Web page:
Saturday, January 12, 2008

Songkok Issue of the Prefectorial Board of English College

Today right after i woke up, I received a SMS from my friend that the songkok issue has turned into a national issue. I am not surprise about this turning into a national issue since I know a few of them don't want to wear it as they & their parents see it as a headgear for Malay & the wearing of songkok is Malaynisation. I also get to see the letter of complaint by the parent from Uncle Lim's blog :

by a JB EC parent

I have a query for you about the English College, Johor Bahru, which is now also known as Maktab Sultan Abu Bakar.

My son who is in Form Five this year, has been a Prefect in EC
since he was in Form Two. He has always been an exemplary student, as well has won praise from many teachers for his exemplary conduct and commitment to his duties and studies. He is also a member of the ExCo of the Prefectorial Board.

Recently, in the beginning of this year, there was an instruction from the school, which I believe came from the teacher advisor to the Prefectorial Board, that Prefects have to start wearing the Songkok as part of the official uniform. At first, the instruction was that it would only be required during “official functions” like school assemblies and during interschool events or major events like sports day and speech day. Hoever, this has now been revised to include daily prefectorial duties.

There are reasons to believe that the practice of getting Prefects to wear the Songkok, is a prelude to getting ALL the students of the school to eventually follow suit.

My son, after conferring with me, has decided that he will NOT wear the Songkok. He is willing to resign from the Prefectorial Board if forced to wear the Songkok.

The rationale behind his refusal, which I stongly support, is that the Songkok is an emblem of the MALAY identity. As non-Malays, he should not be forced to don attire which does not reflect his true identity.

Also, since the Constitution defines Malay as someone who is Muslim, it may give others the wrong impression that he may be Muslim. Although, at first thought, this may sound a bit far-fetched, as the complexion of a Chinese is very different from that of a Malay. But it is also about principle and of providing a precedent. What of the case of a dark-skinned Chinese, or even an Indian, who wears a songkok? Will they be mistaken for Malays?

The issue is also that of “stumbling others.” My son is a devout
Christian, and has been on two trips overseas in the past two years on mission outreaches, to help the poor, and to spread the Gospel. In Christianity, there are exhortations to Christians not to “stumble your brothers.” Apostle Paul had written in the case when food which had been offered to idols should not be consumed esp in the presence of Christian brothers who are not strong in the faith. Perhaps the wearing of the Songkok may also lead others to stumble, as the songkok is associated with Malay identity, and Malays are invariably Muslim. People who see my son wearing a songkok may think that he is a Malay, and thus a Muslim.

There will be those Malays who wish to enforce their culture, albeit in a creeping fashion, unto others, who may defend the move to enforce the songkok, claiming that the Songkok is a National identity, rather than a Malay or Muslim identity.

To that, I ask why:

- the songkok is part of the uniform of the Royal Malay Regiment, and not of say the rangers and others.
- the songkok is worn by Malays who go for Friday prayers, and not on other days.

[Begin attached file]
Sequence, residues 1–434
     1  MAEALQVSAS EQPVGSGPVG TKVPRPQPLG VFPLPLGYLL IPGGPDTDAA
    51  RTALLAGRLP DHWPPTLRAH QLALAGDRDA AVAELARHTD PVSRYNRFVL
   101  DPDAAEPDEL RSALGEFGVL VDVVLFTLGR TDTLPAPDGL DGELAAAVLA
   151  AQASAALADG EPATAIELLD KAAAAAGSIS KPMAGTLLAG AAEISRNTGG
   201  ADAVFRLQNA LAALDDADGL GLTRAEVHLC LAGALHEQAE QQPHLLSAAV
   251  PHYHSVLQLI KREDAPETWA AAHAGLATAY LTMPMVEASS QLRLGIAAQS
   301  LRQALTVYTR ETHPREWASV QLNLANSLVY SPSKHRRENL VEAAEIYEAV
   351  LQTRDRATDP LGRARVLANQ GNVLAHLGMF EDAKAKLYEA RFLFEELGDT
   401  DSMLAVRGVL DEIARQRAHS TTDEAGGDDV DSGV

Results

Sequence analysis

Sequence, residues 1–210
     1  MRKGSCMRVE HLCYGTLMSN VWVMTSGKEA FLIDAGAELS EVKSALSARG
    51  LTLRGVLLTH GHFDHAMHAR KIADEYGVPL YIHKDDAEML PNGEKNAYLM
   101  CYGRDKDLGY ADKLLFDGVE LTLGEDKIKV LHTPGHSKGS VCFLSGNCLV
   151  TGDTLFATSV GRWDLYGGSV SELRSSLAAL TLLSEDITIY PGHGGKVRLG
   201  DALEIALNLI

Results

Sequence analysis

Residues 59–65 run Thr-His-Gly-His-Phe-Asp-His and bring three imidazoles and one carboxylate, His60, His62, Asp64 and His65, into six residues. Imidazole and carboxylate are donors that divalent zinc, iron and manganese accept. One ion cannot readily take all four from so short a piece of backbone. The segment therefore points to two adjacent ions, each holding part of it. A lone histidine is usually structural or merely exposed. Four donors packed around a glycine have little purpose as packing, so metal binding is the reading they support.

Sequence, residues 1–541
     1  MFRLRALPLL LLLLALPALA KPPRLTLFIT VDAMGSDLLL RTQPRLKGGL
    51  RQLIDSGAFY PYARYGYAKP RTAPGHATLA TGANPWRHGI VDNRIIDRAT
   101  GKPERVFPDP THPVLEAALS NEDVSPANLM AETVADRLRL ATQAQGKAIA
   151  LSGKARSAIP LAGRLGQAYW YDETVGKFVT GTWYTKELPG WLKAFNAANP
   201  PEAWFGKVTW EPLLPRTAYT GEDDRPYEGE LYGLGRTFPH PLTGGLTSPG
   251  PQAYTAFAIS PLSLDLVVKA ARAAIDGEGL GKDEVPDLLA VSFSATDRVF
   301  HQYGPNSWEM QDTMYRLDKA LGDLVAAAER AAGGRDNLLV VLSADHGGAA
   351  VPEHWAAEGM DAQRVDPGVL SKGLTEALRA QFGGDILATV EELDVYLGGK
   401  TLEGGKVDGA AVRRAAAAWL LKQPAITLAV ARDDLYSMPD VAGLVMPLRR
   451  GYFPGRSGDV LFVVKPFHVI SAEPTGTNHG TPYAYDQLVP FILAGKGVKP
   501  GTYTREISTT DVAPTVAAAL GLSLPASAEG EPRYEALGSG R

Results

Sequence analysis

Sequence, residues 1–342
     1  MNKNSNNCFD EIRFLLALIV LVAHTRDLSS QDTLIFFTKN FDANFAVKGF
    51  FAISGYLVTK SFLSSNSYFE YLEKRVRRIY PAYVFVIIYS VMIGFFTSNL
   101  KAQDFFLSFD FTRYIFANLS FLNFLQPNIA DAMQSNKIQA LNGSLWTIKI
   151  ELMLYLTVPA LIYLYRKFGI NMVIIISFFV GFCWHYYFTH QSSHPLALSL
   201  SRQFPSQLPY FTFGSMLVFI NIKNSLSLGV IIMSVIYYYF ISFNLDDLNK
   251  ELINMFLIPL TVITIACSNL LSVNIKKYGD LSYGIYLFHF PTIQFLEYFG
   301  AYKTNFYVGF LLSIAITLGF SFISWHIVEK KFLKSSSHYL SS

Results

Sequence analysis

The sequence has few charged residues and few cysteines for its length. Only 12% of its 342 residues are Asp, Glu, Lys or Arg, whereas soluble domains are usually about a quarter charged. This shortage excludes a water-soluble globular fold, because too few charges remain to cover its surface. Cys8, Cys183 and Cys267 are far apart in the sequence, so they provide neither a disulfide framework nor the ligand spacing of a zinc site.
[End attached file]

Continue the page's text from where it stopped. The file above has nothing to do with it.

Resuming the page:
- the songkok is worn by Malays on Hari Raya and Hari Raya Haji, but NOT on Hari Merdeka.

In fact, the songkok is identified with Malay cultural dress, just as
the cheongsam is with Chinese, and the saree with Indian. And just as the tudung is for Malays, so too the turban is for Sikhs.

IF the rationale behind the move to enforce students is “uniformity” then are Sikhs exempt from wearing them? Where then would be the uniformity?

My other contention, and which should probably be more IN THE INTEREST OF THE MALAY MUSLIM COMMUNITY, is that my son’s refusal to comply with the requirement for non-Malays to wear the songkok, WILL ACTUALLY PRESERVE THE INTEGRITY AND SANCTITY OF THE SONGKOK.

Despite all the denial about the Songkok being associated with Malay identity and hence with Islam (since all Malays are Muslims), the common perception even amongst Malay Muslims themselves, are that someone wearing a songkok IS a Muslim. IMAGINE a situation where a man wearing a songkok is having a beer, or a group of men are photographed in a pub, all wearing songkoks and each lifting a pint into the air!

What would Malays have to say about it then?
Would these be considered as an insult to Islam?

There are other situations where men in songkoks should not be
seen doing things which a Muslim should NOT be doing. For instance, would Muslims be upset if I were to wear a songkok and have my picture taken with a roast pig and the picture displayed?

What if my son wears a songkok and eats in a mamak shop during the month of Ramadan? Of if my son wears a songkok, and walks in the park at 7pm with his girlfriend, who is wearing a tudung (she also a non-Muslim!)

Would Muslim feel a sense of their culture being violated by
non-Muslims in Malay dress, doing things which good Muslims should not be doing? A non-Muslim boy walking sitting on a park bench at night with a non-Muslim girl would be nobody’s business but their own (or their parents). However, this would be a no-no for Muslims. Imagine the confusion if a non-Muslim boy with songkok were to be seen in this “khalwat” situation with a non-Muslim girl in a tudung?

Therefore, I reiterate - it is probably best to preserve the integrity and sanctity of the songkok and tudung, IF they are reserved for Malays and NOT enforced upon non-Malays. Alternatively, it should be left to the personal choice of the individual.

Do you think that my arguments have a basis?

I have no complaints if they make the songkok NON-COMPULSORY, and IF wearing it is just “encouraged” rather than. Would they have a problem if a small cross is pinned to the songkok, to designate that the wearer is not a Muslim?